The ozone hole is generally evident in the HALOE data between 12 and 25 km, and the expected signatures, e.g. dehydration, low O3, low N02, are indeed observed on the days for which observations exist within the vortex, namely October 11 and 12 (sunrises) and October 17-18, and 21-24 (sunsets). Any time trend during this period is of interest, and the lower stratosphere time history of the zonal average H2O mixing ratio between 15 and 20 km is accordingly snown in Figure 7. Both water and ozone (not shown because of space limitations) show substantial recovery from "ozone hole" conditions during the 13 days. During the 13 days, the area of the vortex bounded by the -24 PV units contour at 0 = 425K (approximately at the center of the 15-20 km region) decreased by 7.7% from 29.9 million square kilometers on October 11 to 27.6 on October 24 (the PV map was provided by the ECMWF). Since all the observations on these dates were at latitudes and PV levels which occur within the vortex, the recovery in H2O must have a substantial component arising from descent of

undehydrated air from aloft, in addition to the horizontal component arising from the 7.7% erosion of the vortex. The time behavior of the average water vapor mixing ratios, increasing from 2.7 ppmv to 4.0 ppmv between October 11 and October 24, clearly demonstrates that air is being resupplied to the ozone hole wiui a dynamical time constant of approximately 30 days. The same number is obtained by using (2CH4 + H2O) a conservative quantity. The great inhomogeneity within the vortex necessarily makes the time constant approximate, but it is of the same magnitude as the time constant of the chemistry which destroyed the ozone during late August and September. The ozone in the same region shows an increase from about 0.7 ppmv to 1.4 ppmv and is due to a combination of chemical regeneration and dynamical effects (i.e., resupply of undehydrated relatively ozone-rich air). This gives a shorter recovery time constant of 19 days, which has a 30-day dynamical resupply component (as indicated by the H2O changes), with the remainder presumably due to chemistry.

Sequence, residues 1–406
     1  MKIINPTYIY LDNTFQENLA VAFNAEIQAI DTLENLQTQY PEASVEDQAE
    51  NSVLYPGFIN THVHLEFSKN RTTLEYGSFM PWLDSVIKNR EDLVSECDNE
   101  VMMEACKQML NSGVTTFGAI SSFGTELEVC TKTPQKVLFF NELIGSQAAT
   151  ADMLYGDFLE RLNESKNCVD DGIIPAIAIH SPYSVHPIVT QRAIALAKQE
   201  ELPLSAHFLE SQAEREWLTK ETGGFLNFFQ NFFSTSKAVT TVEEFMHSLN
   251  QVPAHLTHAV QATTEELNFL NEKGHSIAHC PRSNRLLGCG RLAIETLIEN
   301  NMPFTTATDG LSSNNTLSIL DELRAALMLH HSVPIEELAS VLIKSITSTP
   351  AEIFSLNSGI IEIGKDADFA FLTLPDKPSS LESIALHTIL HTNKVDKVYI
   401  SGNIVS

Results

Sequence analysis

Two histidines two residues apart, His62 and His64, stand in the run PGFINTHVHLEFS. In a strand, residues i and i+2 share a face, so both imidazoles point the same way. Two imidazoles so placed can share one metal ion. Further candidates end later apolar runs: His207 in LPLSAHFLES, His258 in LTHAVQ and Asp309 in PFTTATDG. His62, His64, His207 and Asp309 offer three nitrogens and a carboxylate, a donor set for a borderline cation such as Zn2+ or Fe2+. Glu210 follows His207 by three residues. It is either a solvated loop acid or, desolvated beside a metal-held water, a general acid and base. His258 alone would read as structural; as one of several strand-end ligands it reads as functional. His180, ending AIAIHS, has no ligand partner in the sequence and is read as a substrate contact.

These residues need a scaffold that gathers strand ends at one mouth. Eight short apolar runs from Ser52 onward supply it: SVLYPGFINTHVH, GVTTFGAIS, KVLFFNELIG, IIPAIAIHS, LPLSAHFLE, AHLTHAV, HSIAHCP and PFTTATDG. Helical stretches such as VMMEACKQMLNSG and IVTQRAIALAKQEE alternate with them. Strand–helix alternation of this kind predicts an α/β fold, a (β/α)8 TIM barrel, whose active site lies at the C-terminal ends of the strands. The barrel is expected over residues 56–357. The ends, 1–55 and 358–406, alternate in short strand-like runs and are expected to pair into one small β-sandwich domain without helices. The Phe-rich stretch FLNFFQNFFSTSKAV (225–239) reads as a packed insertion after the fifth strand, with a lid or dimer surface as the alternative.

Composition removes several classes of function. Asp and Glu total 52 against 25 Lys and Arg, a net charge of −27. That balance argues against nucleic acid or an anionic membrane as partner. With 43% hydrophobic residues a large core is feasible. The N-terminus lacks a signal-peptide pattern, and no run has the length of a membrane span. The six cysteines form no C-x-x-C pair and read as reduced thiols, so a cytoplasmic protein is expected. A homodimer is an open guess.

The cause of the local maximum in CH4, NO2, and O3 and local minima in HF and H2O in the 90°E to 240°E range and at pressures between 3 and 30 mb is an interesting problem. The observed mixing ratios of CH4, HF, and H2O in this region have values which are characteristic of mid-latitude air. Note that these features occur nearer the vortex edge, but still within it (see Figure 2 and note that the observations were taken at 77 S). Examination of ECMWF charts of PV at potential temperatures in the range 400K < 0 < 700K shows that the maximum PV gradient and the maximum wind speed both occur equatorward of these features at the longitudes where they appear. A possible explanation of the data, which is internally consistent, is that low-latitude air is transported into the vortex region on an isentropic surface centered at about the 20-mb level. This is supported by the poleward latitudinal gradient which exists for HF and H2O, but equatorward gradient exhibited by CH4, NO2, and O3. Polewara transport of air would create the features shown by the data in the 90°E to 240°E region. While the mechanism for this transport is as yet unexplained, one idea on how this might occur has been advanced by Danielsen and Houben [1988], who discussed the dynamics of lower latitude, ozone-rich air moving poleward and downward as it approaches the polar night jet. Note that the region inside the vortex having the characteristics of mid-latitude air is bounded above and below and to the east and west by vortex air. We further note that the vortex did not break down until well into November [see e.g. Krueger et al., 1992].